|Figure 1: The -vectors of the UBV polarization measurements. The length of each line is proportional to P, the percentage polarization and the angle at which each line is drawn relative to the galactic north pole in the direction of increasing longitude is|
The observations were carried out at the Danish 1.5 m telescope at La Silla, on 10 nights in 1990 Jan. 08 - 17, 7 nights in 1991 Jan. 18 - 24, and 3 nights in 1992 Apr. 22 - 24. A multichannel version of the double image chopping polarimeter (Korhonen et al.1984) was used, and the measurements in different colours were collected simultaneously by using dichroic filters to split the light into the spectral regions. The resulting passbands are close to the UBV system, with effective wavelengths 0.36, 0.44, and 0.54 m, respectively. The sky background polarization was directly eliminated by using a plane parallel calcite plate as the polarizing beam splitter, and the intensities of the two beams are measured, for each colour, by a single photo-multiplier using chopping techniques (Piirola 1973). As determined from observations of unpolarized standard stars (Tinbergen 1979), the instrumental polarization was found to be very small. The zero point of position angles was determined by observations of seven standard stars with large interstellar polarization. These standard stars were selected from the list suggested by Serkowski (1974) and they were measured regularly throughout the observing periods. For most of the cases, the observation of one star took about 15 minutes and consisted of four sets of measurements at eight position angles of the instrument. At each position angle, integrations of 10 seconds were made for each one of the two light beams. In order to improve our accuracy, six sets of measurements were collected for some of the faintest stars.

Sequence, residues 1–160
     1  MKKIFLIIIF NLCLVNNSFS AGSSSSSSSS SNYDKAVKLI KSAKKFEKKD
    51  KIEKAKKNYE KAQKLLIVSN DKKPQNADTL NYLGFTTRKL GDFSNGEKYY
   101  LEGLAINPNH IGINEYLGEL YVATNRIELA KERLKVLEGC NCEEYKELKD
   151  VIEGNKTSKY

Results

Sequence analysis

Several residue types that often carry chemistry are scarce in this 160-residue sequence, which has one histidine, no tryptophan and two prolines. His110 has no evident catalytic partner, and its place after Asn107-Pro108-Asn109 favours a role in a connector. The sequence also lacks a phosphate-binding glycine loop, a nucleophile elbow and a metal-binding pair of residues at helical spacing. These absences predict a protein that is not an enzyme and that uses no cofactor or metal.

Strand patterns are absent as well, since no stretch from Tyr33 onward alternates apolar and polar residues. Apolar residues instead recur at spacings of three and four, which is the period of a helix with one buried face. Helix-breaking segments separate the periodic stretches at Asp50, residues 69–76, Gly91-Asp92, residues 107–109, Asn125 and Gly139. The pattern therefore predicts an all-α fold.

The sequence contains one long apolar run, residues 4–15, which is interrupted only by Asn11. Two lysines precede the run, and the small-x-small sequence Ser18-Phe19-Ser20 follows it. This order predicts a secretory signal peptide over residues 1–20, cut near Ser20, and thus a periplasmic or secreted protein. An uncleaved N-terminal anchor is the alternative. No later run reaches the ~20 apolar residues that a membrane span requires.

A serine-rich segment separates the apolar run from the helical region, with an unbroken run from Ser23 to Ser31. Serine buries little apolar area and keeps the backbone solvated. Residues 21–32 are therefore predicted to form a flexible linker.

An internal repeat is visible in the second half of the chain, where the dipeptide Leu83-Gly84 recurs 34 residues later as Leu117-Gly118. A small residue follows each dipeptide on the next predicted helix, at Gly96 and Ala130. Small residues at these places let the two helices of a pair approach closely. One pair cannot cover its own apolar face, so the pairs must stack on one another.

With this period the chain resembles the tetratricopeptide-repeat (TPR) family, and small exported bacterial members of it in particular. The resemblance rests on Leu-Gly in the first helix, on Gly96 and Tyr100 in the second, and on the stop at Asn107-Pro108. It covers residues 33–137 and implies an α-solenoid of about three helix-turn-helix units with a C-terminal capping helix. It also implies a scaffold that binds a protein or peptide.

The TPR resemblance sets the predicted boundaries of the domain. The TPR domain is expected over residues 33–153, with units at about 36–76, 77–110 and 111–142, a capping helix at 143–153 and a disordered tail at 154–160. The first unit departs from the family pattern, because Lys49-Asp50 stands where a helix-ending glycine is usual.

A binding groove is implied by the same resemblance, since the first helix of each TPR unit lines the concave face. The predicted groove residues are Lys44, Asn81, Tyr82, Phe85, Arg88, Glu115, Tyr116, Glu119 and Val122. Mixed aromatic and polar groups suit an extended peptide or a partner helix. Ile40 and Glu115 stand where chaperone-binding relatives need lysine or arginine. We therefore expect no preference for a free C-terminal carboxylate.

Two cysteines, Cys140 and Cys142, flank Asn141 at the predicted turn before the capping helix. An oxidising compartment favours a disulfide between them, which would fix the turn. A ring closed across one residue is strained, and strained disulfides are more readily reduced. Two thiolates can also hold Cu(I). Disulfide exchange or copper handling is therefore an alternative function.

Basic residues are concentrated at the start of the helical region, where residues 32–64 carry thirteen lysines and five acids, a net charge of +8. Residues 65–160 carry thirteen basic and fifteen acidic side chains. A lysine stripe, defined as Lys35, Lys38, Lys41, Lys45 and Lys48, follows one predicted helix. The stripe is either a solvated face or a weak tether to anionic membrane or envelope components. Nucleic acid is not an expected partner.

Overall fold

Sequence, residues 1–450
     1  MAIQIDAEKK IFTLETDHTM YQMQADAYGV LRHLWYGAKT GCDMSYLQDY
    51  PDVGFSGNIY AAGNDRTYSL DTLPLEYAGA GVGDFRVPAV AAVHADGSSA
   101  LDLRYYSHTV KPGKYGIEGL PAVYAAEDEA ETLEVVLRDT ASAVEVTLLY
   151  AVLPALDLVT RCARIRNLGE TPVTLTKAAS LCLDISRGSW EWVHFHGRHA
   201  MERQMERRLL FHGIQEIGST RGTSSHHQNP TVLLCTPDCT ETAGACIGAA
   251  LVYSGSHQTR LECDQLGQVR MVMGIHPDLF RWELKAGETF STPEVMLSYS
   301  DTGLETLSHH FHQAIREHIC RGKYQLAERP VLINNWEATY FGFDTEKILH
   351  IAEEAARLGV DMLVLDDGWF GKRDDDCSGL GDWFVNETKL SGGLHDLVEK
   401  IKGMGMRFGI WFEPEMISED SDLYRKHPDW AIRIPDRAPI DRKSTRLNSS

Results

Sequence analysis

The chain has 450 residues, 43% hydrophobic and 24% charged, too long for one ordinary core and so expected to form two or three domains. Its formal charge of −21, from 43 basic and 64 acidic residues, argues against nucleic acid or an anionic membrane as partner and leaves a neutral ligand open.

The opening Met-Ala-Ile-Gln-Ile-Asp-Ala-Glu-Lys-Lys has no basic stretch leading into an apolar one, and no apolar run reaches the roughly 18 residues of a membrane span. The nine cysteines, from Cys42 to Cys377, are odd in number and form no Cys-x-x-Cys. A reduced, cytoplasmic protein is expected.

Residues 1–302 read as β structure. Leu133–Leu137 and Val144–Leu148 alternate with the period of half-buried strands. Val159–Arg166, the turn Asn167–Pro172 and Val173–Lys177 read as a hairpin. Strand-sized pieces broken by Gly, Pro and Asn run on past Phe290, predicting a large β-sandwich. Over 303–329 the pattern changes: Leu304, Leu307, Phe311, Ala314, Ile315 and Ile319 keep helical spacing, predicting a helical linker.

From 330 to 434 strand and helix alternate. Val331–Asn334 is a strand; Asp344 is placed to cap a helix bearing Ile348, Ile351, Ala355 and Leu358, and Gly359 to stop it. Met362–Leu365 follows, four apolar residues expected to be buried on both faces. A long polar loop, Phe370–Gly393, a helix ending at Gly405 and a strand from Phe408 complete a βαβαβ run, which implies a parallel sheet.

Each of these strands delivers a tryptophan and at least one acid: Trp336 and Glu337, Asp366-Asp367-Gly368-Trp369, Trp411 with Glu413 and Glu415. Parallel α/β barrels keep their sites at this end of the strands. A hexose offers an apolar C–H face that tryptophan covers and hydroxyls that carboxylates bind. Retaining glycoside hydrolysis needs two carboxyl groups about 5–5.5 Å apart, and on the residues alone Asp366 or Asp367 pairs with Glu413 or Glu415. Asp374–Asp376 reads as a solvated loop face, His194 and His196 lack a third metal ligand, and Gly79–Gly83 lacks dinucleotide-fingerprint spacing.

The targets were selected from the Knude's A- and F-type star catalogue (Knude 1977, 1978). The observed stars belong to 35 low galactic latitude () Kapteyn's Selected Areas and cover the third and fourth quadrants of the galactic plane.
|Figure 2: Estimated error in the B-band versus stellar visual magnitude. The errors of bright stars () are mainly dominated by atmospheric scintillation. For fainter stars, it is dominated by photon shot noise and, in the present case, may be roughly represented by (solid curve)|
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